Our response to the COVID-19 threat is a major determinant to the harm we endure. A coordinated global strategy is necessary. However, considering the barriers limiting such a global approach, effective national strategies become all the more indispensable.

An effective strategy

Strategy differs from operational plans or tactics. The first is intended to provide an overall framework or system, towards achieving long-term goals, typically on the scale of several months to years. The second provides specific and smaller steps, which—when tied together within an overall framework (i.e. strategy)—achieve long-term goals.

The greatest fundamental contributions to the concept of strategy come from the writings of Sun Tzu (sixth century BC) and Carl von Clausewitz (eighteenth century AD). Sun Tzu notes that “All men can see these tactics whereby I conquer, but what none can see is the strategy out of which victory is evolved” [57]. Despite strategy being a necessity, many countries failed to develop genuine strategies to counter COVID-19, and instead relied on (tactical) operational plans with various measures (e.g. contact tracing, testing).

Von Clausewitz makes a similar separation: Zweck-Ziel-Mittel as the Purpose-Goal-Means [58]. As such, one has to first define what is the purpose (end state) intended; the goals/intermediate goals to reach there, and the means necessary to achieve these. Therefore the purpose provides the overall framework; the goal(s) helps guide towards achieving the purpose; and the means clarifies what is needed for this. Within the health discipline it has been common to use mission-goals-objectives as equivalents to Purpose-Goal-Means. However, the latter terminology may be more widely understood.

What would an effective strategy on COVID-19 look like? First, to qualify as a strategy it would have to clearly define the Purpose-Goal-Means. Second, to be effective, these definitions should be based on current knowledge and take into account the parameters previously discussed, such as infection sequelae, protectiveness of vaccines and uncertainties of viral evolution.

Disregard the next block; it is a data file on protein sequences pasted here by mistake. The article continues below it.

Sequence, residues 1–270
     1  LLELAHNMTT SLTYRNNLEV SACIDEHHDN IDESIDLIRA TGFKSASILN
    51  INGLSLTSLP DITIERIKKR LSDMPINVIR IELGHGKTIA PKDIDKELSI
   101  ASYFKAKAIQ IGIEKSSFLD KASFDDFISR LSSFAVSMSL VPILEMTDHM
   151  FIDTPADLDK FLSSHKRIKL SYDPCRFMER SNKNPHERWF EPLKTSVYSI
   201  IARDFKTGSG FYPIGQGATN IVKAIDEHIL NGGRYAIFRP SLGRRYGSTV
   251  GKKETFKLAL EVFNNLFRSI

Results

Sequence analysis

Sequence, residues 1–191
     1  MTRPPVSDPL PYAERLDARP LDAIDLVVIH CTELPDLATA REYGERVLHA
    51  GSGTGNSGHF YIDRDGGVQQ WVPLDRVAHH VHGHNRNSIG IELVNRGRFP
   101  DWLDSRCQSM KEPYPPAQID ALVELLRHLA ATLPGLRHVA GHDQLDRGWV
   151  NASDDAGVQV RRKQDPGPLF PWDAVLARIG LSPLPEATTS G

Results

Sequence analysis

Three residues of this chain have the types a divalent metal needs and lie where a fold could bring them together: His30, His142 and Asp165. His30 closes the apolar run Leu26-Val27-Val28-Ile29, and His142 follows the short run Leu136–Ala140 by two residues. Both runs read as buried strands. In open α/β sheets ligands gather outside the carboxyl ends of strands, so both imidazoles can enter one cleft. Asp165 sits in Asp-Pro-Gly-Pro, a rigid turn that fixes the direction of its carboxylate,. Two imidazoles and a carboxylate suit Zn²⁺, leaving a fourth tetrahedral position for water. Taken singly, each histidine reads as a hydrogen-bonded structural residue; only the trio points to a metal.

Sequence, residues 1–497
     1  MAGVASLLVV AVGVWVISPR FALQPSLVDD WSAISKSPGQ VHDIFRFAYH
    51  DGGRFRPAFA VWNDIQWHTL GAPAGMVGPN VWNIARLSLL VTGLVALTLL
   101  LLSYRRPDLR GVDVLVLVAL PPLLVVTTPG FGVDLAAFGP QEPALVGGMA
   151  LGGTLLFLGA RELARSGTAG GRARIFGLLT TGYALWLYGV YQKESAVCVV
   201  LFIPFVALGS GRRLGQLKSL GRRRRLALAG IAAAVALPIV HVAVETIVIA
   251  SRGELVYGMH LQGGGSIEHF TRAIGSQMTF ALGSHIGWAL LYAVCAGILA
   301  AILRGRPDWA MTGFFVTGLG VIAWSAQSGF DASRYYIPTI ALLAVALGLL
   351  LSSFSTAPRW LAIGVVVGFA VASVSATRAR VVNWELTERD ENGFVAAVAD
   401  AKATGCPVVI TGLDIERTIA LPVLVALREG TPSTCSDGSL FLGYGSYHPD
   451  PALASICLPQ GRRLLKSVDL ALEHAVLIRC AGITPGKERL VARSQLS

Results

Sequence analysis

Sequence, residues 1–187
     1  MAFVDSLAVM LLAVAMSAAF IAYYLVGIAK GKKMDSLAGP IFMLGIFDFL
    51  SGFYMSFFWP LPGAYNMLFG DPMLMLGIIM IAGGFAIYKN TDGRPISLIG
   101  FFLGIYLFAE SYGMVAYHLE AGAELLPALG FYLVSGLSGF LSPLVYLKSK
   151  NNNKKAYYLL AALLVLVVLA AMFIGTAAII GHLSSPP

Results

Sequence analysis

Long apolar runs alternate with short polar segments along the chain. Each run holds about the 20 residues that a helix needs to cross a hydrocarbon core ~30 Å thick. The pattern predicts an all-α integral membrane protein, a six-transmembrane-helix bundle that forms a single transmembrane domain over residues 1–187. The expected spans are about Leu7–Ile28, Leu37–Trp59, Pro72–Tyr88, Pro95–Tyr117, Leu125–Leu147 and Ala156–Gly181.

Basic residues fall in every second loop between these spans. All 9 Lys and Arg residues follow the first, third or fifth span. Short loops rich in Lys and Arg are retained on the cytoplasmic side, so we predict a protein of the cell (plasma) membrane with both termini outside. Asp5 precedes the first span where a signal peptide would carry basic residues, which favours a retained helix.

Given that infection is harmful, the basis of an effective strategy would have prevention of infection sequelae and of death as a purpose; and protection from infection as a goal (see Fig. 1). The means would include increasing awareness of airborne transmission, improved ventilation, and improved protection of healthcare workers. This may be considerably expanded, for example to include increasing the capacity of healthcare professionals (means); and diagnosis and treatment of people with Long COVID (goal). An effective strategy would provide clarity, and also avoid situations where people’s well-being becomes secondary to other interests.

Fig. 1
figure 1

The basis of an effective strategy against COVID-19: Defining first the purpose, followed by the goal and means

When approaches to counter disease fail, it is likely due to a combination of factors, including political will and technical competence. Specific gaps may be the weak capacities within the health sector for strategy development, as well as for decision-making frameworks under conditions of uncertainty. Increased investment in capacity building on these topics is important, alongside multi-sectoral and multi-disciplinary collaboration, to address both the ongoing COVID-19 pandemic and future threats.


The end of the COVID-19 pandemic has not yet arrived. SARS-CoV-2 continues to claim many lives and harm many more. We should not gamble our well-being and that of future generations by leaving the initiative to viral evolution. Numerous countries failed to develop effective pandemic strategies, with approaches being unclear. Many of these did not qualify as genuine strategies. Governments have the responsibility to develop and implement effective strategies to protect their populations. This includes clear definitions of the Purpose, Goal and Means, informed by current evidence and respect for uncertainty. These strategies should put people first.

Availability of data and materials

No database or primary data was used in preparing the manuscript.


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Khalife, J. Effective strategies against COVID-19 and the importance of infection sequelae. glob health res policy 7, 49 (2022).